When determining whether a past conviction qualifies as a "crime of violence," we employ a categorical approach that looks to the words of the statute and judicial decisions interpreting it, rather than to the conduct of any particular defendant convicted of the crime. See Taylor v. United States, 495 U.S. 575, 602, 110 S.Ct. 2143, 109 L.Ed.2d 607 (1990). However, if the statute encompasses both conduct that would qualify as a crime of violence and conduct that would not, we employ a modified categorical approach and look to the statutory elements, the defendant's charging documents, plea agreement and colloquy (if any), and uncontested facts found by the district judge to determine whether the particular defendant's conduct violated the portion of the statute that is a crime of violence. Charles, 576 F.3d at 1067; see also Shepard v. United States, 544 U.S. 13, 16, 125 S.Ct. 1254, 161 L.Ed.2d 205 (2005) (enumerating the sources that may be consulted).
To determine whether the offense categorically falls within the residual clause, we conduct a two-step analysis. First, we ask whether the offense "presents a serious potential risk of physical injury to another," as required by the text of § 4B1.2. See Begay v. United States, 553 U.S. 137, 128 S.Ct. 1581, 1584, 170 L.Ed.2d 490 (2008). Second, as the Supreme Court held in Begay, we must determine whether the offense is "roughly similar, in kind as well as in degree of risk posed," to the enumerated crimes in § 4B1.2(a)(2), namely, burglary, arson, extortion, or crimes involving explosives. Id. at 1585. A crime is "roughly similar" to an enumerated crime if it "typically involve[s] purposeful, violent, and aggressive conduct." Id. at 1586 (quotation marks omitted).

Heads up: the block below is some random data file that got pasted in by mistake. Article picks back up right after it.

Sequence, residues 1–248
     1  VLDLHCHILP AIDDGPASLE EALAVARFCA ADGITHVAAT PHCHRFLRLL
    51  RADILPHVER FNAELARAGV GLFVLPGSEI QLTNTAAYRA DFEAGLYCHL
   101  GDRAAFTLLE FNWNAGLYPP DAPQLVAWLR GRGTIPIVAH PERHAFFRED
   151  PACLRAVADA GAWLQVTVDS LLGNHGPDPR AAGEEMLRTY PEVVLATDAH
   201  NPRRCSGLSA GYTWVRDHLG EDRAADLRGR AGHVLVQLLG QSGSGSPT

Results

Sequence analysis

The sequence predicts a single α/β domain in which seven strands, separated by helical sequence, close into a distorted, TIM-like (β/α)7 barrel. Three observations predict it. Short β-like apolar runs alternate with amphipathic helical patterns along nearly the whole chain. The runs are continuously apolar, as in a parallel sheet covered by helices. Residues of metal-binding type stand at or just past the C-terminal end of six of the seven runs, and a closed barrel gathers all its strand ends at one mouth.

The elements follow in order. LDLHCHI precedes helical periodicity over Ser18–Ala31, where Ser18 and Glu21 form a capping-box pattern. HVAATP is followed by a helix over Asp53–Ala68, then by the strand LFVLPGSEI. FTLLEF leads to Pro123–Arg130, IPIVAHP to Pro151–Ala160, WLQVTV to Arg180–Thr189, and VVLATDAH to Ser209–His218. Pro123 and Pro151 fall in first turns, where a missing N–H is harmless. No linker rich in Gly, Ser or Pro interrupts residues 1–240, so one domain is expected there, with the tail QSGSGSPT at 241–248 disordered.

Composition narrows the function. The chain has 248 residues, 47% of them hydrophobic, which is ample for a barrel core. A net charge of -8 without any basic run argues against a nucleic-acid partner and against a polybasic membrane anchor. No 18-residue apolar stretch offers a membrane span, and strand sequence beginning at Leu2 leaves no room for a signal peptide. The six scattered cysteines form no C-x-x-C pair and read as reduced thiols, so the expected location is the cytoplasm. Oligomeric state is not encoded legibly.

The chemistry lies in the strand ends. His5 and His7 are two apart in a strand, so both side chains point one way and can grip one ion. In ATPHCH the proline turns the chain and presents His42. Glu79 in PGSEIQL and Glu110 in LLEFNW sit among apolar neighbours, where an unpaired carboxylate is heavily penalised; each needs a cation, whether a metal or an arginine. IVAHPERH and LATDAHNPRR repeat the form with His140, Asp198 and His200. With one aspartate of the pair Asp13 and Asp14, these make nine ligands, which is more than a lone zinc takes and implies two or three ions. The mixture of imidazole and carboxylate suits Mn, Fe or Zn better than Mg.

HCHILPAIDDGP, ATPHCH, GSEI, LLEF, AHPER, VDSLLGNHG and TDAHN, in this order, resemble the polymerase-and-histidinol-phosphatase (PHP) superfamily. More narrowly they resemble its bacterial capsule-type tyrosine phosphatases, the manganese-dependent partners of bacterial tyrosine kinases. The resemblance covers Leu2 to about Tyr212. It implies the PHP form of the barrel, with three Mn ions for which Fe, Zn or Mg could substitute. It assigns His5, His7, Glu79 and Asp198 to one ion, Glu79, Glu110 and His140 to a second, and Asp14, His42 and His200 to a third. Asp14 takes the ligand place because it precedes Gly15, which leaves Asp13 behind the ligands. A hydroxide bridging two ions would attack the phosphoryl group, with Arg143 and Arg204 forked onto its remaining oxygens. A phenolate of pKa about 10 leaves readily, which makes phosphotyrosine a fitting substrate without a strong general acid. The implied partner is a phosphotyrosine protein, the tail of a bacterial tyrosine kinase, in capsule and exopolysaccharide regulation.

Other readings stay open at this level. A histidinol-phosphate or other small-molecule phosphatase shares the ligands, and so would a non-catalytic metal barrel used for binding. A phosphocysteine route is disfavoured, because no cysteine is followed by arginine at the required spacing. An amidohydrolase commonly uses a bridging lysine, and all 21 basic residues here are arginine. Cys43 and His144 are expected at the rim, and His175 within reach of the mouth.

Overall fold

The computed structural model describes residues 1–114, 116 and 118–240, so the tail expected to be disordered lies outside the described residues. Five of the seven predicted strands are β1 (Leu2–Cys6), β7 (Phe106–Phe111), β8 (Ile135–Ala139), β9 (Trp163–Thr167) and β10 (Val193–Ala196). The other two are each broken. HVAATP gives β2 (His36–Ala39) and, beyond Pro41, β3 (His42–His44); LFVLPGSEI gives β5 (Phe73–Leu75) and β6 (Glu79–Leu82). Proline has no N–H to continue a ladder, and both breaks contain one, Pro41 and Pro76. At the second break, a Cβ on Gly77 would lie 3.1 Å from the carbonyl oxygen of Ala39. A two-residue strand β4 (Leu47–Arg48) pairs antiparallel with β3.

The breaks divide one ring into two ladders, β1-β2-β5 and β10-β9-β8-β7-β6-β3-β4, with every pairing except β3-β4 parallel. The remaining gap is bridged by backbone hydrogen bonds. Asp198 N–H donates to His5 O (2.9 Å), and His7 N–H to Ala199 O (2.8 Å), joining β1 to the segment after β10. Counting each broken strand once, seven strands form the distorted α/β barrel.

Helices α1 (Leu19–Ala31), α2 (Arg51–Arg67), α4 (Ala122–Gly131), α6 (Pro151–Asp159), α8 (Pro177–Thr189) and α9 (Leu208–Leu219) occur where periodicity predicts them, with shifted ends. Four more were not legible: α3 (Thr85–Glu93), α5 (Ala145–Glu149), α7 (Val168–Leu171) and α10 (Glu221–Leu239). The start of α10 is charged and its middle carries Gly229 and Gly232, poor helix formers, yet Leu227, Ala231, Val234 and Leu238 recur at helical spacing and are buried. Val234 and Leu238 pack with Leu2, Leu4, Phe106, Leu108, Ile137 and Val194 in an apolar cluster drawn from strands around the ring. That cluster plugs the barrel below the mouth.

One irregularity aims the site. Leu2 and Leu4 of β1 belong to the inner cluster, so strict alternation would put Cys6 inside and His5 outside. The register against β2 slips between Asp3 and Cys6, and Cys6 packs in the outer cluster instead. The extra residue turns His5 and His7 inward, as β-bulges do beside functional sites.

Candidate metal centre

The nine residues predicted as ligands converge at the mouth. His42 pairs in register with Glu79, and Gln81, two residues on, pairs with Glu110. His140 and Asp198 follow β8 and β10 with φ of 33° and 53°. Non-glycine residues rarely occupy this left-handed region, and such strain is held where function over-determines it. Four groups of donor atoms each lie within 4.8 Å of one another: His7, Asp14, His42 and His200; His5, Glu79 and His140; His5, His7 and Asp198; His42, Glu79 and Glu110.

In United States v. West, 550 F.3d 952, 960 (10th Cir. 2008), we applied the Begay test to the same Utah criminal statute at issue here, and held unequivocally that "a prior conviction under Utah law for failing to stop at an officer's command qualifies as a violent felony" under the residual clause of the Armed Career Criminal Act ("ACCA"), 18 U.S.C. § 924(e). The residual clause of the ACCA is worded almost identically to that of § 4B1.2(a), and we have held that in interpreting "crime of violence" under § 4B1.2, we may look for guidance to cases construing the ACCA's parallel provision. See Charles, 576 F.3d at 1068 n. 2 ( citing United States v. Tiger, 538 F.3d 1297, 1298 (10th Cir. 2008)). If West remains the law of the Tenth Circuit, it thus is squarely on point and disposes of Wise's claims in the government's favor.
Wise argues, however, that West is no longer good law, because of the Supreme Court's recent decision in Chambers v. United States, ___ U.S. ___, 129 S.Ct. 687, 172 L.Ed.2d 484 (2009). In Chambers, the Supreme Court held that a conviction under Illinois law for failure to report to weekend confinement was not a "violent felony" for the purposes of the residual clause of the ACCA. Id. at 689. While that case did not address the criminal statute at issue here and in West, Wise argues that Chambers undermined our opinion in West in two ways. First, that it did so by making it clear that we should treat different sections of a single criminal statute as distinct crimes for the purpose of the residual clause. Second, that in by holding that some escapes are not crimes of violence, Chambers undercut West's reliance on Tenth Circuit precedent that all escape crimes are crimes of violence, thus undermining West's precedential force.